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Renal Diet Foods

By Barbara Froek ; Updated July 27, 2017

When you are a renal patient, your kidneys have a reduced capacity to filter toxins from your blood. For this reason, the typical renal diet is designed to limit the harmful buildup of substances in your blood between dialysis treatments. A key area of focus is limiting foods rich in potassium, sodium or phosphorus, with the typical renal diet revolving around foods low in these minerals. Depending on your unique situation, your doctor may make other considerations, so follow his dietary advice.

Foods Low in Potassium and Phosphorus

Eating foods low in potassium and phosphorus prevents these minerals from building up to dangerous levels in your blood. Renal diet foods in this category include breads, cheese, eggs, cottage cheese, rice, oatmeal and pasta. Certain vegetables such as cabbage, cauliflower, eggplant, turnips and snow peas are included as well. Fruits such as apples, blueberries, apricots, peaches, blackberries, peaches, plums and cranberries get the green light also. Most meat and seafood are high in phosphorus. However, beef, chicken, lobster, oysters and tuna contain a moderate amount of phosphorus and may be allowed with restricted portion size.

Limiting Sodium Intake

It's important to pay special attention to your sodium intake on a renal diet. Because your kidneys aren't working well, eating a diet rich in sodium can cause you to retain too much fluid. Check the labels of the foods you eat so that you know the sodium content. Foods low in sodium contain less than 100 milligrams per serving. Fresh fruits and vegetables are naturally low in sodium and good to eat given they're on the low potassium and phosphorus list also. Avoid adding salt to your food and instead use herbs and salt-free seasonings to flavor your meals. High-sodium foods contain more than 300 milligrams per serving.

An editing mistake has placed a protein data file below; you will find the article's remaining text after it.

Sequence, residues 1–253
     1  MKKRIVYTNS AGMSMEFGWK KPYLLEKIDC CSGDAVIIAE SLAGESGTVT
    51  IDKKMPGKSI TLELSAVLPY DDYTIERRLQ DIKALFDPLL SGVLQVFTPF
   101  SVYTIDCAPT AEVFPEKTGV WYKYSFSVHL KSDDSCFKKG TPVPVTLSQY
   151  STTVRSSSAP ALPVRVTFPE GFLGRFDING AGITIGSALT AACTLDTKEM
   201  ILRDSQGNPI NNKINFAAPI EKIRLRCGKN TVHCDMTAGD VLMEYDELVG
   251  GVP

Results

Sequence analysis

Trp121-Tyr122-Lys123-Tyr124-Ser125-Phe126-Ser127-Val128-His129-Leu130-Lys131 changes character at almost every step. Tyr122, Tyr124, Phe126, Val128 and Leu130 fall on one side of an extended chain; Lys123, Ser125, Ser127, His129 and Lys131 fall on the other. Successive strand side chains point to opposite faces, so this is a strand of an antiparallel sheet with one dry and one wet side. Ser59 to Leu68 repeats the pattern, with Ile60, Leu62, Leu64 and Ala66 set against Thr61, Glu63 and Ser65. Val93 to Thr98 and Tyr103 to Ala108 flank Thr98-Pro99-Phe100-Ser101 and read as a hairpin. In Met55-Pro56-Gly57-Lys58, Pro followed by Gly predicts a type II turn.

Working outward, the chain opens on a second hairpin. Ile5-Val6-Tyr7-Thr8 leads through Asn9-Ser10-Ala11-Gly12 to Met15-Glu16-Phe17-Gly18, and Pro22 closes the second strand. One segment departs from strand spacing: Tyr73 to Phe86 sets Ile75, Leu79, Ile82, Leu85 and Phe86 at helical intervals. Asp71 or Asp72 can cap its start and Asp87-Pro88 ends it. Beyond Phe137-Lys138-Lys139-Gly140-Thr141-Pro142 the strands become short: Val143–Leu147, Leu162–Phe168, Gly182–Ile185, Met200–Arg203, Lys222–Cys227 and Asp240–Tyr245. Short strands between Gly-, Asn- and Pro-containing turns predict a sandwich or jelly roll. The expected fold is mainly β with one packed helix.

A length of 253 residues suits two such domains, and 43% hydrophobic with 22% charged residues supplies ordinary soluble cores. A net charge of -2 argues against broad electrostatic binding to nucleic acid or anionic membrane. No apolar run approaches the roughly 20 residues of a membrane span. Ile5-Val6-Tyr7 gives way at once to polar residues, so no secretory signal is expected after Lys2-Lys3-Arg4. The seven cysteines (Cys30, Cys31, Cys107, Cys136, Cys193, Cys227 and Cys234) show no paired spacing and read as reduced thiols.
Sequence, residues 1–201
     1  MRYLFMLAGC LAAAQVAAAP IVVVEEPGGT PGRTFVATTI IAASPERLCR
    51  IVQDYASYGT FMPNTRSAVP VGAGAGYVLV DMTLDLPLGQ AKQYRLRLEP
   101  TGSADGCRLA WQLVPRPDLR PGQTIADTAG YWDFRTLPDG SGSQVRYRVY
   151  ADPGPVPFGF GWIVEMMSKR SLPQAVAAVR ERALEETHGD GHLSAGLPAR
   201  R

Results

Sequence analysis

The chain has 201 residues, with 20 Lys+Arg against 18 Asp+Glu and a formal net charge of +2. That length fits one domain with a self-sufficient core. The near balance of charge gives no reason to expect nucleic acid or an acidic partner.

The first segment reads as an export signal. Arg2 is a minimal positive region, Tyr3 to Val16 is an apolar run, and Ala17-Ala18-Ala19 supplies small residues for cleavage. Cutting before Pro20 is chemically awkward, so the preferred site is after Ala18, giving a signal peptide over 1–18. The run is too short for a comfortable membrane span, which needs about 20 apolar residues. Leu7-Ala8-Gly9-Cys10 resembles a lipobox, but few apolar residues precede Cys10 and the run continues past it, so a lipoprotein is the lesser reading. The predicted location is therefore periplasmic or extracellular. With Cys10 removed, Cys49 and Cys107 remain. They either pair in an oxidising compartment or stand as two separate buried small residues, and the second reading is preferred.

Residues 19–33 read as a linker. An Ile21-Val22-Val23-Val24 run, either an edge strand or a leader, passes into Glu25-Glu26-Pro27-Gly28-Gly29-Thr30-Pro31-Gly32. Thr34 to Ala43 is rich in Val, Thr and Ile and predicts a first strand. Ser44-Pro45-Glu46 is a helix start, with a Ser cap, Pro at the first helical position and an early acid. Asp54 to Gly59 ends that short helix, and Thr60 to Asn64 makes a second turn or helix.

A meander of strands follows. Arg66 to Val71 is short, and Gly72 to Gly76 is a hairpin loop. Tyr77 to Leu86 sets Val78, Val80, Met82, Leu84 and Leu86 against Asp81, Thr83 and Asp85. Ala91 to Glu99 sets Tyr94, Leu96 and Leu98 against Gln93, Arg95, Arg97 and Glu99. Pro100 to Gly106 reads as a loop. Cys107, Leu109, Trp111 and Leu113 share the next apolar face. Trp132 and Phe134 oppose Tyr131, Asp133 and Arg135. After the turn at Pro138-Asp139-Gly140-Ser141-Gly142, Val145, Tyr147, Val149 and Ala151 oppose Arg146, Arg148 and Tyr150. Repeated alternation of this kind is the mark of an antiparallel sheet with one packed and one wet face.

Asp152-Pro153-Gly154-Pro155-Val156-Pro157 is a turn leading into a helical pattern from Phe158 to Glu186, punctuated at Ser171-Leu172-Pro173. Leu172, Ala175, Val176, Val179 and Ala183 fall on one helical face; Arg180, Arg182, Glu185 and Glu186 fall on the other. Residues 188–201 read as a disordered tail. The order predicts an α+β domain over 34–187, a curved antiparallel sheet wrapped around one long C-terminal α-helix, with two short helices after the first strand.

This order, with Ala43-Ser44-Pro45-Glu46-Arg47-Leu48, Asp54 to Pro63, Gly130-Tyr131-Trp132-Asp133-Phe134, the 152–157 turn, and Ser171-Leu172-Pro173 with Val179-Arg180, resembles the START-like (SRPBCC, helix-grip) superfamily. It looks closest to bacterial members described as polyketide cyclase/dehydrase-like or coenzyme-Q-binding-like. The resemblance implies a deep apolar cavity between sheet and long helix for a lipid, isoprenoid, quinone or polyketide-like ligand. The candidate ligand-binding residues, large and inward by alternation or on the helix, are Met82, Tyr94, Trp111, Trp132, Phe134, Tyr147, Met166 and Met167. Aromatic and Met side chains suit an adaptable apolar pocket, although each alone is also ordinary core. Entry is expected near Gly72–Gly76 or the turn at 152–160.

Portion Sizes

With some practice, you'll become familiar with portion sizes. Foods on the low phosphorus list contain less than 100 milligrams per serving, and foods on the low potassium list contain less than 150 milligrams per serving. The serving size for many low potassium foods is about 1/2 cup and a serving size for meat and fish is 3 ounces -- about the size of a deck of playing cards. Your doctor or a registered dietitian can help you become familiar with portion sizes.

Other Renal Diet Restrictions

If you're at risk for kidney stones, your doctor may instruct you to limit your intake of purines and oxalates, substances in food that your body converts to uric acid. Elevated uric acid levels increase the risk of kidney stones. Most foods low in potassium and phosphorus are fine for you to eat because they're low to moderate in purines and oxalates. However, additional restrictions apply if your doctor recommends restricting these compounds. Of the low potassium and phosphorus foods, asparagus, cauliflower, green peas, mushrooms, spinach, lima beans, oatmeal, tuna, lobster and oysters are high in purines. Of the low potassium vegetables, green beans, wax beans, eggplant and parsnips are high in oxalates.

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